Ideally what we need is a magic potion that heals wounds cheaply and relieves pain. It would be nice if it also was readily available and didn't require refrigeration. If such a thing existed, though, we would already be using it. Or would we?

The wound care industry is growing faster than health services in general, and products that can be made and patented and sold for lots of money, especially to patients with good enough insurance to pay for them, drive this development. Surely there are great new products out there, and I congratulate the innovators who come up with these new ideas. But this mechanism and these incentives do not favor the development of cheaper or simpler approaches. There are public funding sources in medical research, but industry really drives the development of products.

Enter heparin. Heparin is one of the oldest drugs still used, first isolated from dog liver in 1916 at Johns Hopkins and used in humans to inhibit blood clotting beginning in 1936. It is a chemical released at the location of injury, and probably functions more to stop infection and increase healing than to stop blood clotting in its natural state. Nobody holds a patent on it anymore. It is known to increase the growth of blood vessels in animal models, and it is used extensively in the treatment of burns in many countries. I can find only a few studies on its use in treating wounds, though there is abundant information on its effectiveness from the places that routinely use it to treat burns. Evidence suggests that in the treatment of burns it dramatically reduces pain and speeds healing. It is used intravenously for very large burns, like those related to explosions, and is applied topically for smaller burns. But wounds are another question.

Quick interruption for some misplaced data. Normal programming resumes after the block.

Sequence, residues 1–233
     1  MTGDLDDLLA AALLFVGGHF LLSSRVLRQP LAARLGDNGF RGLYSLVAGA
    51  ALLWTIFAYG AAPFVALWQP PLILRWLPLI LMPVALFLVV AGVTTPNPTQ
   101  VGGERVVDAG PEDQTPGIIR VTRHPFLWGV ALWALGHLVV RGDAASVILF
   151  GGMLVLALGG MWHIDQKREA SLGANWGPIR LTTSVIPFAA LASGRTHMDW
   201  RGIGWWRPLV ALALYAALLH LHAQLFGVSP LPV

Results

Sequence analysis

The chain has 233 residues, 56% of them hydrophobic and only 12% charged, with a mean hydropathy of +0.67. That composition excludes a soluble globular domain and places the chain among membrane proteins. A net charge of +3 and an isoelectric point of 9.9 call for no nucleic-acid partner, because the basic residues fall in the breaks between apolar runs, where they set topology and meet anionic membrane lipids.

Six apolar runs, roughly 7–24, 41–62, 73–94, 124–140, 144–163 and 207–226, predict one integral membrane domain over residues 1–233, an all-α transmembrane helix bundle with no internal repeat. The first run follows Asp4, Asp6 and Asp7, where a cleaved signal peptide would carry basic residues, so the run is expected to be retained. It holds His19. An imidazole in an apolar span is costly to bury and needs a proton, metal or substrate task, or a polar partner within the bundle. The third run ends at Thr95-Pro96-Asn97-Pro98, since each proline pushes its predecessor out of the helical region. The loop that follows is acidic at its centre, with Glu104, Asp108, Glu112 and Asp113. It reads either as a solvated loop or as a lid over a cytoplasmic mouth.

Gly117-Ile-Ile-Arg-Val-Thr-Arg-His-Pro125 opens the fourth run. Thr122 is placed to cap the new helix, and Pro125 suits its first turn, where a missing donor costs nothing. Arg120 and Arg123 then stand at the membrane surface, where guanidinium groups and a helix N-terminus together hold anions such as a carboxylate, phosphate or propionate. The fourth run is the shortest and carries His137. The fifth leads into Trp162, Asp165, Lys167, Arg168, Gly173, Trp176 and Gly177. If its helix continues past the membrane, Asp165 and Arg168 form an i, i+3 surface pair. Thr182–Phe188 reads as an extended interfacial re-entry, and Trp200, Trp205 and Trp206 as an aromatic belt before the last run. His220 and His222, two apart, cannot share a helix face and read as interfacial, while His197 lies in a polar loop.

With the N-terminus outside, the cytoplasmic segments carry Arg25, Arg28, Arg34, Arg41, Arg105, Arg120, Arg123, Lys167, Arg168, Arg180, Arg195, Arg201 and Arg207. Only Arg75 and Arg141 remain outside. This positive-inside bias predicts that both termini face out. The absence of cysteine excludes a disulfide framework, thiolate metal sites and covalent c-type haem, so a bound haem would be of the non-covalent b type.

Michael Saliba MD studied burns in an animal model decades ago at UC San Diego and has since been involved in trying to get out the word of its effectiveness. He has lots of research to support its use, but most of it is done outside of the US and the very fact that it works so well makes blinded studies impractical. Some research is ongoing. Since it relieves pain so effectively, those treating patients with it know who is getting it and who is not. Healing is also much faster, which is hard not to notice. It is used most commonly in resource poor countries (Nepal, India, Mexico, Bulgaria, El Salvador to name a few) due to its very low cost, and withholding an effective treatment in life or death situations is difficult to condone. So frustrating. Something that really works, and because of its familiarity it essentially flies under our radar.

When I asked Dr. Saliba about non-burn uses for heparin, given its mechanism of action, he told me that it did work for many chronic ulcers. I was in the process of leaving my primary care practice at the time, but had the occasion to use it once before I left. The patient was a big smoker who had just had a heart attack and had then fallen down, jabbing a sharp piece of pipe into the front of her leg. After a few weeks of dressing it, it had still not begun to heal and she was beginning to have a really nasty rash in response to the sticky dressings that was beginning to turn the whole leg into an oozing piece of meat. It was imperative that I use some sort of treatment that didn't require a fancy dressing. I went across the street to the hospital and bought some vials of heparin and applied them to the wound. I then wrapped it with gauze. The next day she was better, and so on until she was completely healed in about 2 weeks. Pretty cool, I thought.

Since that time I have been working as a hospital doctor and haven't had the opportunity to treat wounds myself. Most hospitals have specific wound care services and I felt uncomfortable pushing my new and clearly  unconventional ideas about topical heparin. But 3 days ago I got back home after a week away working and found that my son, who had just started a martial arts conditioning class, had torn the skin off of his knuckles which were painful and oozing. He figured he wouldn't be able to go back the next day and punch the heavy bag. I found one of my little leftover vials of heparin, dabbed it on, let it soak awhile, put on bandaids and he was almost totally healed the next day. Wow. A diabetic friend with an ulcer on his ankle  that was really cramping his style (coincidentally also this week) asked for advice and I suggested the heparin and a bandaid technique and (I'm told) after applying it at night he could barely find the spot in the morning. Wow again.